June 28th:

I woke up this morning at the time I set my alarm for. Turns out I didn't really have to bother getting up so early. I was ready for my 8:20 am pickup by the Duck (an amphibious vehicle used in WW II and beyond) early: at 8:05 am I was sitting in the lobby watching all kinds of people being picked up (and a few dropped off) for all kinds of reasons. At 8:40 I was still waiting, so I called and found out that the vehicle had been caught in traffic after dropping off the early morning's load.

The thing pulled up at about 9:10 am and instead of someone comming up to the lobby to find the parties for the tour, the driver started shouting and quacking for me. I walked down the stairs of the hotel to the sidewalk with a scowl on my face, which wasn't affected in any good way by a couple of the people already on the vehicle saying "Hurry up!" as I walked to the back of the vehicle and up the stairs. As if it was *my* fault that the tour was an hour late!

We picked up one more couple (and if my slow walk contributed to our lateness, then the fact that we had to park and go hunt these people down really must have thrown us off of our itenerary!) and then we headed the slow way out to Pearl Harbor. Along the way, the driver (whose name I never got) delivered his patter to keep us occupied. This time, the patter was at least half made up (though the other half, about things like Captain Cook's arrival on the islands, and the whaling history in the islands, was true) - for one thing, he told the Duck that the pink building on one of the hills was the Mary K Cosmetics headquarters, when it is actually a military hospital (I'm pretty sure).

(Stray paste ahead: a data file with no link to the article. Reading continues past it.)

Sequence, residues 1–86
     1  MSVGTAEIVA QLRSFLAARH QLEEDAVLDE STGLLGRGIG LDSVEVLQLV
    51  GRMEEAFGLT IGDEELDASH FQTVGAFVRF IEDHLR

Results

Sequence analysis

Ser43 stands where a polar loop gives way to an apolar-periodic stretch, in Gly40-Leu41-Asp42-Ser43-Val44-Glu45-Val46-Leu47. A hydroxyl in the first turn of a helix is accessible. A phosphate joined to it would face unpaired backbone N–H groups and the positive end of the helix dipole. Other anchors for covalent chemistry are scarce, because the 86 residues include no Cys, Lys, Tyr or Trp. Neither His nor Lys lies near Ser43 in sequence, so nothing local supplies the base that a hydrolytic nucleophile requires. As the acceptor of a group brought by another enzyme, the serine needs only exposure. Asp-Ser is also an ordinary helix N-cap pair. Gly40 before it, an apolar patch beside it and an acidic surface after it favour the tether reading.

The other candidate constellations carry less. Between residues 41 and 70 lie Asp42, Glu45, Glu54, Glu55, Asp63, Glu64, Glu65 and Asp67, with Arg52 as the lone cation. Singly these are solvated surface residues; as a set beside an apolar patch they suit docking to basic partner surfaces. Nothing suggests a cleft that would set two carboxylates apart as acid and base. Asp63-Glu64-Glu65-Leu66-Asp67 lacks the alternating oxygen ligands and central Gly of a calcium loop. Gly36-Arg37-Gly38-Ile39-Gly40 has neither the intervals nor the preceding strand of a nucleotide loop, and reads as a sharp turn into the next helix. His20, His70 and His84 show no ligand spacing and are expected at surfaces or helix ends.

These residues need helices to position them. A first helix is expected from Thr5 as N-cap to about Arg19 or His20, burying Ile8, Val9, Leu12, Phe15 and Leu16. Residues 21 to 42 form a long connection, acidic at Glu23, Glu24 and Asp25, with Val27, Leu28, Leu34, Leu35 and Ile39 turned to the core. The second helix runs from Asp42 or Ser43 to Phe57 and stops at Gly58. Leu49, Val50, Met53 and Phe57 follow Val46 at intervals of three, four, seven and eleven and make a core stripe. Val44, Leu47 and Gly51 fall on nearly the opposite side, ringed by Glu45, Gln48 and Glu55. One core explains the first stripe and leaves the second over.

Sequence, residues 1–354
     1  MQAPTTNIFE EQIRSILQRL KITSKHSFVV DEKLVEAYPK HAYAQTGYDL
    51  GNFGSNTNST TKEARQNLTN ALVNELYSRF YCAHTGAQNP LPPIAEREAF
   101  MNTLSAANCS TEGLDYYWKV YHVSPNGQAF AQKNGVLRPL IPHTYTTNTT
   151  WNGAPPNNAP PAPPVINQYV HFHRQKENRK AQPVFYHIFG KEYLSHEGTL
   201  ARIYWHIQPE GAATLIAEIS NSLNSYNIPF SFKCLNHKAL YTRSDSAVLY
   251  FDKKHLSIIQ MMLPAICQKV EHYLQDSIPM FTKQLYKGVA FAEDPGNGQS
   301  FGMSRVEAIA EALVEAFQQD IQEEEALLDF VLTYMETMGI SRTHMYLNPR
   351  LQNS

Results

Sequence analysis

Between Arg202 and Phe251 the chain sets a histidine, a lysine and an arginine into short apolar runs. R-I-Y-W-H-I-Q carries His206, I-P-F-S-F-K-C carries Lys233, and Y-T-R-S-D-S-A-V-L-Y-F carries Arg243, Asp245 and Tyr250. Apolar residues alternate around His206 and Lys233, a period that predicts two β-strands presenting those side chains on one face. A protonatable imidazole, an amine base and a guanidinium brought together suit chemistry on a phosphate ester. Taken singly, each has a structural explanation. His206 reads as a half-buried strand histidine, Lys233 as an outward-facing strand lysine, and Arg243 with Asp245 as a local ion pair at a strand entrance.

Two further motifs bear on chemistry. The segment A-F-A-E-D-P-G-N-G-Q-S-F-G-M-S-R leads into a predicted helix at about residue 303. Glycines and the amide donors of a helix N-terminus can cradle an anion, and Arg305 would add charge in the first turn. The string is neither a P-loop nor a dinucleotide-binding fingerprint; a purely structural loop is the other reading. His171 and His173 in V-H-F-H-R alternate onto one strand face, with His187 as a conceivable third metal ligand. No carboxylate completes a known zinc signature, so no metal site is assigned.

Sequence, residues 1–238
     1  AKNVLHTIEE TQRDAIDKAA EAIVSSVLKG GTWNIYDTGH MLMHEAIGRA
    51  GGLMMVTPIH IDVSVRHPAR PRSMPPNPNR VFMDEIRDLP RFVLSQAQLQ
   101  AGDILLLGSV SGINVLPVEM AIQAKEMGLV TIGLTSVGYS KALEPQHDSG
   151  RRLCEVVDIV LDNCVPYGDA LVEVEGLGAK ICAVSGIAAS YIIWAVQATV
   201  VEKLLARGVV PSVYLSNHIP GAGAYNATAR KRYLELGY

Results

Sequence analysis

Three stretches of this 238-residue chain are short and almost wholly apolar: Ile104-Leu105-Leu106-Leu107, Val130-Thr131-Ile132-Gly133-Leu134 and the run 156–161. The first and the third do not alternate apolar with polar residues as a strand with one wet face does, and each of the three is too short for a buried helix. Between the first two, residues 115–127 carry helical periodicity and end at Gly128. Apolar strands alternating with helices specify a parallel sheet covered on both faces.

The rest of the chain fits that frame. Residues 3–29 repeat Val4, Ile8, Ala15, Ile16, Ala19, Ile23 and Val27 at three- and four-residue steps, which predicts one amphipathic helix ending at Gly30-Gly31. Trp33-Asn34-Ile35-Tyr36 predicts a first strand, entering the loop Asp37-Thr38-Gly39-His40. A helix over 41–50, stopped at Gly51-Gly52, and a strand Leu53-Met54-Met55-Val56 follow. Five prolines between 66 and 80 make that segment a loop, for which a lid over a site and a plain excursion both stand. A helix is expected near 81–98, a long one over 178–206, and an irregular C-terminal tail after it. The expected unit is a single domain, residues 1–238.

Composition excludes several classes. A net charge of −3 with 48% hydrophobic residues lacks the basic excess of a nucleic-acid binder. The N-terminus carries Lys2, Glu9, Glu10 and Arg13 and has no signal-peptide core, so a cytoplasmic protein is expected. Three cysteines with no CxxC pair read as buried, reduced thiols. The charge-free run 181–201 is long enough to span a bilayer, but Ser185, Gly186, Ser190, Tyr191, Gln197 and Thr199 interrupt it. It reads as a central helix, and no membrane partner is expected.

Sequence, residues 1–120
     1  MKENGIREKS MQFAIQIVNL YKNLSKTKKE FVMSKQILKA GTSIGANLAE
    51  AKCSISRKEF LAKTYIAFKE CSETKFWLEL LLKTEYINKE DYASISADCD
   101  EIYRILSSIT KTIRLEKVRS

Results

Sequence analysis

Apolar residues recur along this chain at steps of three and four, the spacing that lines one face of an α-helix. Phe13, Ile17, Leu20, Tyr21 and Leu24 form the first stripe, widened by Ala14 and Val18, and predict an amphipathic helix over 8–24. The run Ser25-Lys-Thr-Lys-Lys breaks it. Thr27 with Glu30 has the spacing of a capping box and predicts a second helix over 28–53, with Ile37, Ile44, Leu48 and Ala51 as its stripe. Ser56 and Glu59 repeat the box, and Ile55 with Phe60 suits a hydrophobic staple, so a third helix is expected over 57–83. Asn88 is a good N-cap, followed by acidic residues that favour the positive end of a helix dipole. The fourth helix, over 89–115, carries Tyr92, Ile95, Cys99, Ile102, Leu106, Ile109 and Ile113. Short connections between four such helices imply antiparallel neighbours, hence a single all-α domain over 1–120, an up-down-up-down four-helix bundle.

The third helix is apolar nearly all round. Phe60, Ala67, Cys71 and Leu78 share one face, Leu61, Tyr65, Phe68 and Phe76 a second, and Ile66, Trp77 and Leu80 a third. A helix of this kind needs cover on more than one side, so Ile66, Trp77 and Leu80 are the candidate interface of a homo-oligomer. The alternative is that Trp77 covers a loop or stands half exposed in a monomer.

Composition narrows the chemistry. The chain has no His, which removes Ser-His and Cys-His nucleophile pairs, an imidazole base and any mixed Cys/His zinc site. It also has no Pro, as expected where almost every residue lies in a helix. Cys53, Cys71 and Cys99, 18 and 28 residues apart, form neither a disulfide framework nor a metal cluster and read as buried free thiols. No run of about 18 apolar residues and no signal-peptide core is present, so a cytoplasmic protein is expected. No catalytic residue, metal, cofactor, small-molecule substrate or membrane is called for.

At about 10:20 or so, we arrived at the Arizona Memorial's Visitors' Center and got in line. The memorial is free to visit, and it is arranged so that the "tour" consists of a 25-ish minute video history of the attack on Pearl Harbor, then a launch trip out to the memorial itself, time at the memorial, and then a launch trip back. Tickets are issued with numbers which control access to the theaters (there are two, with the shows staggered every 15 minutes). We got to the point where the tickets were issued and were given number 25, and told that our show would start at 1:45 pm.

The Visitors' Center is nice, but not 3 hours of nice. There's a museum, some external plaques, a bookstore, bathrooms, and a snack stand. There's a lot of seating, though not nearly enough in total, and certainly not enough in the shade. Essentially, the place is operating at about 3 times its designed capacity - it isn't supposed to occupy people for three hours, but that's what their theater size and video length require. They're fundraising for a new visitors' center, and from the thermomiter's reading, they're about 2/3rds of the way there. I hope the fundraising works soon - even the previous Duck drop-off at 7:30 am had to wait until 10:30 for their show.